When you have a tree in your yard, you’re usually worried about one problem: falling branches. While a tumbling tree limb can be dangerous, the risk is easy to spot and prevent. Precarious branches can be trimmed or removed by professional arborists.
What you should be worried about is the risk of tree roots invading your home plumbing system. The damages from root intrusion can be extensive and cost a fortune to fix. More importantly, the problem is much harder to catch than a branch that looks close to snapping.
How does root intrusion happen?
When pipes have breaks or leaks, roots will grow towards the entrance and make their way to the nutrient source. Once they find their way inside, they will continue to grow inside and outside of the pipe. In some cases, the roots can grow up drains, showing up inside of toilet bowls.
Home experts warn that houses fitted with clay pipes are more at risk of root intrusion because the material is brittle and susceptible to cracks, leaks and disjoints. The moment that there is a fissure in the pipe, the roots will penetrate the area and slowly create a blockage. Newer constructions with PVC, PEX or copper piping will be less vulnerable to the problem.
What are the signs that you’re dealing with root intrusion?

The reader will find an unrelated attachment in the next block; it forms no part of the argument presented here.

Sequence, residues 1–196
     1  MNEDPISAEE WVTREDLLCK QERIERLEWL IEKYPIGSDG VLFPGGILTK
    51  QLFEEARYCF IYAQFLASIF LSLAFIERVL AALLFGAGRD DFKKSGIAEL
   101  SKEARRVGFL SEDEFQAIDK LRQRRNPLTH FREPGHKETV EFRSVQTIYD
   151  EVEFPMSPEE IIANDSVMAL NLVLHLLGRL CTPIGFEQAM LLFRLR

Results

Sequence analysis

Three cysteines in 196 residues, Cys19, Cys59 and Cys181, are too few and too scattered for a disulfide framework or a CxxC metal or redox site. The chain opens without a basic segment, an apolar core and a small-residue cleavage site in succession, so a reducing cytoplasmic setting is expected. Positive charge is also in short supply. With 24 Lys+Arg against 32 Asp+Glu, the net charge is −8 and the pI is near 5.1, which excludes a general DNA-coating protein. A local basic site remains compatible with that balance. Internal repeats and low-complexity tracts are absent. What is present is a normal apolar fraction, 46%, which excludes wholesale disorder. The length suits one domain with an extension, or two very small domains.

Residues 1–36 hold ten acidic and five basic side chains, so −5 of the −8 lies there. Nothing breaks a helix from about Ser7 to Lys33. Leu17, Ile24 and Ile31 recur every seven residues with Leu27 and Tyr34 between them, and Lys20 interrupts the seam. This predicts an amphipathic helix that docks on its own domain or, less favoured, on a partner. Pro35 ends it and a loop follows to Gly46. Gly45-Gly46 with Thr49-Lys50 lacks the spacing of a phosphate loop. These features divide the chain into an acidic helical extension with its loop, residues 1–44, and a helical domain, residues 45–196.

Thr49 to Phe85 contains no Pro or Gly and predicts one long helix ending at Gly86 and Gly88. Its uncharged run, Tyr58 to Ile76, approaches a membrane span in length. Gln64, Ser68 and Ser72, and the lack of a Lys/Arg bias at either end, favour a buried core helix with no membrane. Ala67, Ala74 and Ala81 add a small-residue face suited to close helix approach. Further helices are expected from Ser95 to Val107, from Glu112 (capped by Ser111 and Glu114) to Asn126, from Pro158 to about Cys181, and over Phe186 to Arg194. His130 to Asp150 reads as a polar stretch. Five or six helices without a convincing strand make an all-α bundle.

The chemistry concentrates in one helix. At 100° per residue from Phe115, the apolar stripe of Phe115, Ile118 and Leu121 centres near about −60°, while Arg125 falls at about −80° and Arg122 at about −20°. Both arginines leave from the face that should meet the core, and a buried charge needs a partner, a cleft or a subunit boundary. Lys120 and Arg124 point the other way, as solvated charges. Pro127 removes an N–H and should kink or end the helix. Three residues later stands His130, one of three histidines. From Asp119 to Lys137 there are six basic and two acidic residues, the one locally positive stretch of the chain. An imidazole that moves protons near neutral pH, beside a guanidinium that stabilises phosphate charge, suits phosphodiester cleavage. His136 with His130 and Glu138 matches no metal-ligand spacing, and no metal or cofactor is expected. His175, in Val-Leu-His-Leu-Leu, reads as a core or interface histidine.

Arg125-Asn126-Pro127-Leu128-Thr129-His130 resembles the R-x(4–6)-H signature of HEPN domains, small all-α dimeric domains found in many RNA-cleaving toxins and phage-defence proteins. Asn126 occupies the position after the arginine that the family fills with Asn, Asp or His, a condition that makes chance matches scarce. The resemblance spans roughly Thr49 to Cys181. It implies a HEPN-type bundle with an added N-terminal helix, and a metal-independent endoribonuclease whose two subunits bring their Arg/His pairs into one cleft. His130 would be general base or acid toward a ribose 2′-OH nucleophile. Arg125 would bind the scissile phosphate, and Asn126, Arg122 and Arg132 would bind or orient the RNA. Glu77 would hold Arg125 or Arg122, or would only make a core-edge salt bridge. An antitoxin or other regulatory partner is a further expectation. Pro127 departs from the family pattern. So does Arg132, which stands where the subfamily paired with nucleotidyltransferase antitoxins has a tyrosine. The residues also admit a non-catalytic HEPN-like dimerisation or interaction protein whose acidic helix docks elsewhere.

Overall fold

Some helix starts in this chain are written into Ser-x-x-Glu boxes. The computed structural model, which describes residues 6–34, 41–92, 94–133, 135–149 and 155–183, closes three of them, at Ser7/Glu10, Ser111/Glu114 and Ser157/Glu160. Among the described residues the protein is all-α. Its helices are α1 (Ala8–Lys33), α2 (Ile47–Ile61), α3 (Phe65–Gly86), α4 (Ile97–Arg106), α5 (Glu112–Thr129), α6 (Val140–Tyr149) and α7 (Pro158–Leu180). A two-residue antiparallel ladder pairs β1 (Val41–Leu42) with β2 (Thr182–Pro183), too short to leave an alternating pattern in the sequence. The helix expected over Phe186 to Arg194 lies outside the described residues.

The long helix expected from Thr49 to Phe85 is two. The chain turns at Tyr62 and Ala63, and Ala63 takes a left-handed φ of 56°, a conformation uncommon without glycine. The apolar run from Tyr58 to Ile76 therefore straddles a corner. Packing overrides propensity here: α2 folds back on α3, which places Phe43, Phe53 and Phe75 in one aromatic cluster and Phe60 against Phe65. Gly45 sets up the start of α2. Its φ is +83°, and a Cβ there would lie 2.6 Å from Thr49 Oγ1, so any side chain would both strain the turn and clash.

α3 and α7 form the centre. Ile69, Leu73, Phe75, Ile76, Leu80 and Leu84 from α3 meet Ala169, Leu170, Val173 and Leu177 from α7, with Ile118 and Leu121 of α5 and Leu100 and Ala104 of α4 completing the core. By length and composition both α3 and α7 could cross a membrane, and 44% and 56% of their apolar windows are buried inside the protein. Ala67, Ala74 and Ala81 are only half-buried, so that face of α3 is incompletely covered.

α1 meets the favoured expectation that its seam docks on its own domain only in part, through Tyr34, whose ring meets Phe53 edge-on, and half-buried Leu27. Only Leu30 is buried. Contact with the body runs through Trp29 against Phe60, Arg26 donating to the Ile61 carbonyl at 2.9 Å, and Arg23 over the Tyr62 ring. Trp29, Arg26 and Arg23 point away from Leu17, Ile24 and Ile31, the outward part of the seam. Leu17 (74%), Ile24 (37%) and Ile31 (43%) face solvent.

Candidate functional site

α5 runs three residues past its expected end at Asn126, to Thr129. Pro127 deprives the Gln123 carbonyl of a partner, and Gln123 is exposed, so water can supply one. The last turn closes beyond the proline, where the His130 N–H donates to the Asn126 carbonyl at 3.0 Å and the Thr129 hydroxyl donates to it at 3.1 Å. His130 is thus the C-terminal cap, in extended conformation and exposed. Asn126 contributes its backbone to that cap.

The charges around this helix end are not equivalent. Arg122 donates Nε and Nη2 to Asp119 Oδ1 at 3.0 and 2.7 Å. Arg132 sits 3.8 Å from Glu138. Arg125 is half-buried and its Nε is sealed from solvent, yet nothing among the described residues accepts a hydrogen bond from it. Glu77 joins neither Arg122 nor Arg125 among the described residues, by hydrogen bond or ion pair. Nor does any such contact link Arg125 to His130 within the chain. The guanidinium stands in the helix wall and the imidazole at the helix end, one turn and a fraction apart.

Here are some of the signs that point to roots creeping into the pipes:
Frequent drain clogs
Sewage back-up in drains
Strong, unpleasant odour
Gurgling sounds coming from the toilet
What can you do to fix the problem?
Unfortunately, the solution for root intrusion isn’t cutting down the tree in your yard – the root system will still thrive beneath the soil without its trunk. The best thing to do is to call a professional plumbing company to investigate the drains. They can start your appointment with a video camera investigation so that they can find the exact location of the roots and the size of the blockage.
After pinpointing the blockage, the experts will have to dig up the area to physically extract the clog. Then they will repair or replace the broken pipe. If you have clay pipes or ones that are showing signs of wear, they can replace the pipes with options that won’t be vulnerable to root intrusion. You can visit Sewersquad.ca/services/drain-repair/ find out more information about the repairs and the 25-year warranty that comes with high-quality upgrades.
How do you avoid root intrusion?
If you’re hoping to plant a tree in your yard, you should steer clear of trees with invasive roots that are notorious for creeping into pipes or damaging driveways like willows, silver maples, American elms and hybrid poplars. Choose saplings that have smaller root systems, like crabapple trees or Japanese maples.
When you spot problems with your drains, call a plumber to take a good look at your home’s system. They could spot the beginnings of a massive root invasion. It’s better to find out now than to figure it out years down the line.